And in this risk – which as I say, I don’t know whether or not it played a role here – is the lesson for lawyers and, again, the people who hire them. Clients aren’t served, and lawyers aren’t doing their job, in that circumstance. Clients do not benefit from lawyers who are so beholden to them that they won’t tell them the truth, and lawyers are not living up to their obligations if they are afraid to tell the client the truth. Certain relationships require brutal honesty to work well, and the lawyer/client relationship – in both directions – is one of them.
And this then brings into focus a particular facet of Judge Berman’s ruling that really troubles me, both in terms of arbitration tactics and the decision making of those involved here, which is the Court’s focus on the fact that the NFL’s general counsel edited the Wells report (which is, at heart, essentially the prosecutorial findings on which the sanction against the accused rested) but was not required to testify in the arbitration. I am not going to pass judgment here on whether or not the general counsel, Pash, should have been required to testify or whether, instead, the arbitrator could have properly denied a request for his testimony. As I said, hindsight is 20/20 and, from this vantage point, after Judge Berman has spoken, it is easy to say that the arbitrator erred by denying a request for Pash’s testimony. In the course of a particular arbitration, however, there are valid arguments both ways as to whether testimony of a particular witness should be allowed, and I am not certain it is fair to say that, in real time during the arbitration, the answer to that question was always clear.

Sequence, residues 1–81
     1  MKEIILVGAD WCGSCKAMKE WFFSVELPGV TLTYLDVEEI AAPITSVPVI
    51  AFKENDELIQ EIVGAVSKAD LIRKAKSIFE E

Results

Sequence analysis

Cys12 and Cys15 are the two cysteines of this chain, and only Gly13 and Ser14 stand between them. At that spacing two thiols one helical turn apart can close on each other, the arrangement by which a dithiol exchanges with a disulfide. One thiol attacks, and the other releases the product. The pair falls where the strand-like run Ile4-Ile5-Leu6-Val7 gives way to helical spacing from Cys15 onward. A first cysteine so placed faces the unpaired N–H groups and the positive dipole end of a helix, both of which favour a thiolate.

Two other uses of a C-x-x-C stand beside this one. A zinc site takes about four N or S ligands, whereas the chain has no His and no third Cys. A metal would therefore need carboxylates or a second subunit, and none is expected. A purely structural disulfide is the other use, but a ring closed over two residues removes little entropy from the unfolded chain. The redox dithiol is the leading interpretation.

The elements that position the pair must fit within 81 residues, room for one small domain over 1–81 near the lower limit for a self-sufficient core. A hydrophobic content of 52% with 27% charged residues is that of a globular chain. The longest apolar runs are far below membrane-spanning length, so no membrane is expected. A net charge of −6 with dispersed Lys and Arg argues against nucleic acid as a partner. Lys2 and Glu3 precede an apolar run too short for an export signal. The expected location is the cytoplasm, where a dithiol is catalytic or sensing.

What I am concerned about, though, is the very fact that the NFL’s general counsel involved himself in this way in the development of the evidence and findings against Brady, i.e., of the Wells report itself. Why in the world would you allow such a senior executive, the legal centerpiece of a major corporation, to insert himself into the process in that way? Pash and his legal department had to have understood that they were putting him in harm’s way, and making him a potential witness in the arbitration. Worse yet, they had to have – or if not should have – seen that this would create the dynamic where either he would have to testify or the arbitrator would be put in the position of precluding his testimony, thereby creating grounds for having the arbitration ruling overturned by a court (as in fact happened). Everyone involved here is too experienced not to have seen this risk from a mile away – as trial lawyers like to say, this was no one’s first rodeo (this is a cliché lawyers at trials usually resort to so as to reassure the trial judge that the lawyers can be trusted to work something out among themselves without the judge’s involvement). So how was this allowed to occur? Was Pash’s team of lawyers afraid to speak truth to power and tell him to keep his distance, whether those were the lawyers in his own department or instead the NFL’s outside lawyers? Or did Goodell, essentially the CEO of a huge corporation, want him involved in that way and his general counsel didn’t want to tell him no?